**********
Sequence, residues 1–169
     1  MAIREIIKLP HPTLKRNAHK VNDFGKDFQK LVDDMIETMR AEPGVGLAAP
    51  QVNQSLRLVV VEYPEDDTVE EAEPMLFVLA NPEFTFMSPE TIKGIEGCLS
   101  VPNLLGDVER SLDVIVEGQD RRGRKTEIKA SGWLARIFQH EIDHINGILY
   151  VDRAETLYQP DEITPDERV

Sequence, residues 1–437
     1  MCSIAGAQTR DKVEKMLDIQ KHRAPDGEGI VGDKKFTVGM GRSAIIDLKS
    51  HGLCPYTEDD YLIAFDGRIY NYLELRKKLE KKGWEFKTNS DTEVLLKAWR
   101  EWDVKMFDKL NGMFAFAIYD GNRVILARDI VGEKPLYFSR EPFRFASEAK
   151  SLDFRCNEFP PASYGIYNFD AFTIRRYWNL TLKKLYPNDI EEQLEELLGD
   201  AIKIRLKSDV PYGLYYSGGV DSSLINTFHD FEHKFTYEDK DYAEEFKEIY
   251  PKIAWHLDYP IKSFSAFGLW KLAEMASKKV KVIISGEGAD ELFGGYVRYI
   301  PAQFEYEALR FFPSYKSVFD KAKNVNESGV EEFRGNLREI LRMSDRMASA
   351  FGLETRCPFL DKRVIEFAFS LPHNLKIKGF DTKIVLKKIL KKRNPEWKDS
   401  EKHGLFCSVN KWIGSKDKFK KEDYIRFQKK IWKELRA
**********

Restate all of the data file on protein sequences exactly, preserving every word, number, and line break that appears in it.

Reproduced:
Sequence, residues 1–169
     1  MAIREIIKLP HPTLKRNAHK VNDFGKDFQK LVDDMIETMR AEPGVGLAAP
    51  QVNQSLRLVV VEYPEDDTVE EAEPMLFVLA NPEFTFMSPE TIKGIEGCLS
   101  VPNLLGDVER SLDVIVEGQD RRGRKTEIKA SGWLARIFQH EIDHINGILY
   151  VDRAETLYQP DEITPDERV

Sequence, residues 1–437
     1  MCSIAGAQTR DKVEKMLDIQ KHRAPDGEGI VGDKKFTVGM GRSAIIDLKS
    51  HGLCPYTEDD YLIAFDGRIY NYLELRKKLE KKGWEFKTNS DTEVLLKAWR
   101  EWDVKMFDKL NGMFAFAIYD GNRVILARDI VGEKPLYFSR EPFRFASEAK
   151  SLDFRCNEFP PASYGIYNFD AFTIRRYWNL TLKKLYPNDI EEQLEELLGD
   201  AIKIRLKSDV PYGLYYSGGV DSSLINTFHD FEHKFTYEDK DYAEEFKEIY
   251  PKIAWHLDYP IKSFSAFGLW KLAEMASKKV KVIISGEGAD ELFGGYVRYI
   301  PAQFEYEALR FFPSYKSVFD KAKNVNESGV EEFRGNLREI LRMSDRMASA
   351  FGLETRCPFL DKRVIEFAFS LPHNLKIKGF DTKIVLKKIL KKRNPEWKDS
   401  EKHGLFCSVN KWIGSKDKFK KEDYIRFQKK IWKELRA